Which top-selling artist purportedly had his new single cut from some radio stations playlists in retaliation for supporting royalties for musicians?
No one involved will name the recording artist, but his no-play treatment by several radio stations is alleged in a complaint filed with the Federal Communications Commission and obtained by the Associated Press. It says recording artists are being threatened and intimidated.
In the filing, the musicFIRST Coalition says the top-selling artist — there are hints it could be U2 frontman Bono — recently released an album and spoke during April in support of an effort to require radio stations to pay musicians royalties similar to those paid to songwriters.
Soon after, it said, "several stations within a major radio broadcast group notified the artist's label that they would no longer play his single on the air."
Representatives for musicFIRST declined to identify the artist.
U2's album, No Line on the Horizon, was released in March with its leadoff single, Get on Your Boots.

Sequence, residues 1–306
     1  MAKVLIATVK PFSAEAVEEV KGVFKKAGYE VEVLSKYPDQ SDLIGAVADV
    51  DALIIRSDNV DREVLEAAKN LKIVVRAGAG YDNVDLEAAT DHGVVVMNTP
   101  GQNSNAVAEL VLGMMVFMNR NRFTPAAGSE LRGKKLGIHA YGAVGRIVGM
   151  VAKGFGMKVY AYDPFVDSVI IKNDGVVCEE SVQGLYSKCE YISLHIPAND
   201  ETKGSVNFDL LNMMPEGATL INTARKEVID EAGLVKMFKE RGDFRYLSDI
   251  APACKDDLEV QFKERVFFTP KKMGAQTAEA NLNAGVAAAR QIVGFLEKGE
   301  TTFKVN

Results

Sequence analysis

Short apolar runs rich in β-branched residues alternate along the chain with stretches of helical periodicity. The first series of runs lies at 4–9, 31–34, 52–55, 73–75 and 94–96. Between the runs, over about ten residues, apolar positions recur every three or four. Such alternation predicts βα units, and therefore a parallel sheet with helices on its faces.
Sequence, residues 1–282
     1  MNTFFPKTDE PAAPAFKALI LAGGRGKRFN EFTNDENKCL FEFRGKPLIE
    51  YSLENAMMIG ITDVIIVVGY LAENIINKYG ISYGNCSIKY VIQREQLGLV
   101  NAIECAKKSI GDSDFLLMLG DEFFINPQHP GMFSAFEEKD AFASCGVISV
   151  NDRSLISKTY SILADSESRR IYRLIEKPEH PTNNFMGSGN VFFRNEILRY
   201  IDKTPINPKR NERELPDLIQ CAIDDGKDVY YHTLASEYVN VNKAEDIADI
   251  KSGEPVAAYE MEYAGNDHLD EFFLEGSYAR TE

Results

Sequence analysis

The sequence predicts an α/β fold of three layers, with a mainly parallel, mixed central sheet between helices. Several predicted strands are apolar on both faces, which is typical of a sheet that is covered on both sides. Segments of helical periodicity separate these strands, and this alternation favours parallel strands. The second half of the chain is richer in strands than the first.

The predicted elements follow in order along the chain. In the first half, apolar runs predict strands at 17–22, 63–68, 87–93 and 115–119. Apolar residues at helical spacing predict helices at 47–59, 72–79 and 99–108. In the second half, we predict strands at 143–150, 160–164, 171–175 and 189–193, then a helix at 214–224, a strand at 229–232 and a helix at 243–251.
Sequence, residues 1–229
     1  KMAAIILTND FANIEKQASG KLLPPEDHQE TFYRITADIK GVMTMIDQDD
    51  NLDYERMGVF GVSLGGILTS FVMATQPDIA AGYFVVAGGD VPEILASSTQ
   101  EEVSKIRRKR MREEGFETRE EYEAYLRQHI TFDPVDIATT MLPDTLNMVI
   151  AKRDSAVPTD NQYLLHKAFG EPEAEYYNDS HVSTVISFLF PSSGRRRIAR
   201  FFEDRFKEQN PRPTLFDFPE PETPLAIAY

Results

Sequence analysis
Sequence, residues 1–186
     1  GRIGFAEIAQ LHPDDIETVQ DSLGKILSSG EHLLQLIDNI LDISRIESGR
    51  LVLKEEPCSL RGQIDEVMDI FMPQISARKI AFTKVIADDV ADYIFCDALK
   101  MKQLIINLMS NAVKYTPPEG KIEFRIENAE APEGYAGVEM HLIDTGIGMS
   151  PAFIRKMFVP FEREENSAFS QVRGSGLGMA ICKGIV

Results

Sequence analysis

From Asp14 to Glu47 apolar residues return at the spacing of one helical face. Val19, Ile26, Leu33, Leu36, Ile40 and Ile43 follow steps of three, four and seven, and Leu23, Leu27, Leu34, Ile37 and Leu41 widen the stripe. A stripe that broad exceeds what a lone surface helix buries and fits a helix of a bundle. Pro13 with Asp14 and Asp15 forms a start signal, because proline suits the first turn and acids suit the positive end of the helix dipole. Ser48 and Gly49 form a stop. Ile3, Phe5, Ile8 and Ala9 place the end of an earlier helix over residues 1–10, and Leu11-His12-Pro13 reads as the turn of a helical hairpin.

In April, Bono issued a statement on behalf of pay for musicians, saying, "It's only fair that when radio makes money by playing a recording artist's music ... the recording artist should be compensated just as songwriters are already."
Calls and e-mails to a spokeswoman for Bono were not immediately returned.
Other artists involved with musicFIRST include Don Henley, Celine Dion, Christina Aguilera and Wyclef Jean.
The filing also alleges unfair treatment of other artists by radio stations in Florida, Delaware and Texas. It does not identify any of the stations but accuses the stations of unlawfully putting their own financial interests above their obligation to serve the public. The group asks the FCC, which regulates the public airwaves, to investigate.
The controversy centers on legislation in Congress that would require radio stations to pay musicians royalties. Satellite radio, Internet radio and cable TV music channels already pay fees to performers and musicians, along with songwriter royalties. AM and FM radio stations just pay songwriters, not performers.
The National Association of Broadcasters opposes the bill, called the Performance Rights Act. The NAB says it amounts to a tax on U.S. radio stations and threatens thousands of jobs.
The filing by musicFIRST, made late Tuesday, also said:
• A Delaware radio station boycotted all artists affiliated with musicFIRST for an entire month.
• Before an interview, an artist was pressured by a Texas radio station to state on the air that the Performance Rights Act would cripple radio stations.